It’s been 22 years since Michael J. Fox was first diagnosed with Parkinson’s disease — and 15 years since he famously told Barbara Walters that he would be cured of Parkinson’s before his 50th birthday.
That didn’t happen, but neither did his doctor’s stated expectation that he would have only about 10 more years to work in television.
Fox makes his return to television tonight — no longer trying hide his Parkinson’s symptoms, as he did during his six years on “Spin City.”
The magazine Popular Science is turning off its user comments, citing a study from the University of Wisconsin that shows readers exposed to rude or insulting comments reported a skewed view of the information they read in the article.
Iranian President Hasan Rouhani speaks at the United Nations on Tuesday. The U.S. and Iran are taking part in talks Thursday, looking for a possible breakthrough after years of negotiations on Iran's nuclear program.
Credit Stan Honda / AFP/Getty Images
Syrian President Bashar Assad speaks during an interview on Wednesday.The U.S. is pushing for a resolution this week that would require Assad to dismantle his chemical weapons.
Originally published on Tue October 8, 2013 9:56 am
The United Nations has never been a model of efficiency. Critics denounce it as a pointless talking shop. President Obama and his U.N. ambassador, Samantha Power, have expressed reservations, if not outright frustration, with the world body.
Yet as the U.N. General Assembly holds its annual session, the U.S. has gone to the U.N. to address its two most pressing diplomatic challenges — Syria and Iran.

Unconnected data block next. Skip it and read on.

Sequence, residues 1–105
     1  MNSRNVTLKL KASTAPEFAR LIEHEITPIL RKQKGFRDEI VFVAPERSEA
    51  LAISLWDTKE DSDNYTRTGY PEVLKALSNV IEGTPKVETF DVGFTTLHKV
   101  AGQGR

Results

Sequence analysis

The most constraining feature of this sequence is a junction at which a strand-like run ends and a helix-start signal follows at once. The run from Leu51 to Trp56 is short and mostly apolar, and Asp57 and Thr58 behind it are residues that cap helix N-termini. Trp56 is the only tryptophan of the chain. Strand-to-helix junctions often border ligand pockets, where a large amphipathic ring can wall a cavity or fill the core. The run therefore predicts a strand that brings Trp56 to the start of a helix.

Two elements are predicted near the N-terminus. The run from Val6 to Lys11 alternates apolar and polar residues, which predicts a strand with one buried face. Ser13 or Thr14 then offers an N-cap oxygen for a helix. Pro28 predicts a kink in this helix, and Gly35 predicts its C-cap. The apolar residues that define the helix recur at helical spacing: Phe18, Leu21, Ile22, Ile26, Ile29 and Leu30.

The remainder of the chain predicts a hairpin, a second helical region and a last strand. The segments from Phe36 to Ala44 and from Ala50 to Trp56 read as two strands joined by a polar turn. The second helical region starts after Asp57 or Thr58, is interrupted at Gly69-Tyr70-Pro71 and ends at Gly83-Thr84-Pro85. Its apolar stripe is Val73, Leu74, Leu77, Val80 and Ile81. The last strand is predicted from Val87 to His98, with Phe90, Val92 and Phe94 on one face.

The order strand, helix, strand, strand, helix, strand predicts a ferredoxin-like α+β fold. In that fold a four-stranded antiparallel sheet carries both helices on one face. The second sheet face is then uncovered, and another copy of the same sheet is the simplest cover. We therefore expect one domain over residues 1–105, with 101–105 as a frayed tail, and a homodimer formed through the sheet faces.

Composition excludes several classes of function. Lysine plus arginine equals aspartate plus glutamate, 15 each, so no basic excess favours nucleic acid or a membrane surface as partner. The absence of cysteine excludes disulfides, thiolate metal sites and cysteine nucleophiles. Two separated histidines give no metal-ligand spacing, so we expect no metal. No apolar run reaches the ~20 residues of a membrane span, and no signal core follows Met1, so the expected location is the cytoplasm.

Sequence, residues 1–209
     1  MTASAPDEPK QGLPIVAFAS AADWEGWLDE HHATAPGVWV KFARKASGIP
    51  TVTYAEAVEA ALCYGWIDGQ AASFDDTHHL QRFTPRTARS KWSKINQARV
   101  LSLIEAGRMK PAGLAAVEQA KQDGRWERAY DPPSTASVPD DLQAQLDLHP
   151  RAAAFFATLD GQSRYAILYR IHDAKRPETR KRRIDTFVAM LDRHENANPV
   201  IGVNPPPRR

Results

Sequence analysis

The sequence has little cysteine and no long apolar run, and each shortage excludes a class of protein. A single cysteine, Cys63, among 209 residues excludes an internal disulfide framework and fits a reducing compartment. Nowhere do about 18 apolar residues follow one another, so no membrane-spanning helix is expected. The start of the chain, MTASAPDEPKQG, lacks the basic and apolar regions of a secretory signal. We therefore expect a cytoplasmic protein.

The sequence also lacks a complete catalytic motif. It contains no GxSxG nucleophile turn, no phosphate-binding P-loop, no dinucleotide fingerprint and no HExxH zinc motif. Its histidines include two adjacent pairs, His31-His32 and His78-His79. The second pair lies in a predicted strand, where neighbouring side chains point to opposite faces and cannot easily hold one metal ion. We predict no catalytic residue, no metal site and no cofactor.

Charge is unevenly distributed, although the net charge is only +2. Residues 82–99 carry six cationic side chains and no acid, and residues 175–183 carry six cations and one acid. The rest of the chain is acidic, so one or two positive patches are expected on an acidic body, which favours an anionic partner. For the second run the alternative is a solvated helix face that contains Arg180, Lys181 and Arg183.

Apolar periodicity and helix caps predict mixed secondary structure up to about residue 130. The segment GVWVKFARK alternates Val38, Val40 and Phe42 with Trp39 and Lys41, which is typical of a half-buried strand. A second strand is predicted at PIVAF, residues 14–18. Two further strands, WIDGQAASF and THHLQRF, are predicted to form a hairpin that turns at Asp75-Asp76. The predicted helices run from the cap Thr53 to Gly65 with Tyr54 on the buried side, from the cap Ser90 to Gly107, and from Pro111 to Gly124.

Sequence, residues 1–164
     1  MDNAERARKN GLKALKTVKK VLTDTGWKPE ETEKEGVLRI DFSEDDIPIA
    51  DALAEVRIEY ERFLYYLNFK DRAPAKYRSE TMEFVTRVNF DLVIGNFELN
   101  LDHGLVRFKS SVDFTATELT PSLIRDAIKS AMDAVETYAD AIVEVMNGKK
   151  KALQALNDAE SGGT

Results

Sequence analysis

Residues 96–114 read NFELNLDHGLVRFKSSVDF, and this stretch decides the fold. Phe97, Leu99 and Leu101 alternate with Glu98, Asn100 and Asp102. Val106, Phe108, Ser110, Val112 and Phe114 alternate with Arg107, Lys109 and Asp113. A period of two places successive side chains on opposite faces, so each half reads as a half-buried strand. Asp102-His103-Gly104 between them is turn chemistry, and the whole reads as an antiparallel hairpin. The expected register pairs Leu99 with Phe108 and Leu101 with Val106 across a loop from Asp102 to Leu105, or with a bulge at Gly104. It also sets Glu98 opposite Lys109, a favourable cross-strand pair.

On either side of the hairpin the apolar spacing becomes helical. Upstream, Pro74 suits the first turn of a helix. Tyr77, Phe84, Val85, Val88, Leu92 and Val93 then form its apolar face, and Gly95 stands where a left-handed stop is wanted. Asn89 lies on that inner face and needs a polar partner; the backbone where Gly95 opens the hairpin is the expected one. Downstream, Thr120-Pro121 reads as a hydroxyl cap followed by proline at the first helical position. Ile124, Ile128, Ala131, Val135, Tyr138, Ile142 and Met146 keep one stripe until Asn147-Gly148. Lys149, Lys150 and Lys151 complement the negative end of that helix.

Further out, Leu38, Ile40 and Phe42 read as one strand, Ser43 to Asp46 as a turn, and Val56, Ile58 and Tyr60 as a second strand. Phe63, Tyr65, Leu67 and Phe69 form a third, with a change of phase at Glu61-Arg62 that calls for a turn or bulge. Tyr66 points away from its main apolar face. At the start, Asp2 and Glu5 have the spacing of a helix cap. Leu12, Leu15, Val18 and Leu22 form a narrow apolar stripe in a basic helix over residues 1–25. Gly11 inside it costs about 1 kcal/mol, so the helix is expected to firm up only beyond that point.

Originally published on Fri September 27, 2013 10:04 am
On Wednesday, the MacArthur Foundation announced its newest class of fellows — "geniuses" who have made remarkable contributions to their fields. We wanted to know what happens to a "genius" after the fellowship is over, so we spoke with Ramón Gutiérrez, a Preston and Sterling Morton Distinguished Service Professor in U.S. history at the University of Chicago, and one of the MacArthur fellows in 1982.
Originally published on Thu September 26, 2013 3:23 pm
Let's face it: In the popular imagination, the stereotypical chef has a large gut protruding from under his white double-breasted coat. And that stereotype is often accurate — by some estimates, 70 percent of chefs in the U.S. are overweight. Weight gain seems to be par for the course when you're spending your day tasting food and your late nights unwinding after a stressful dinner service.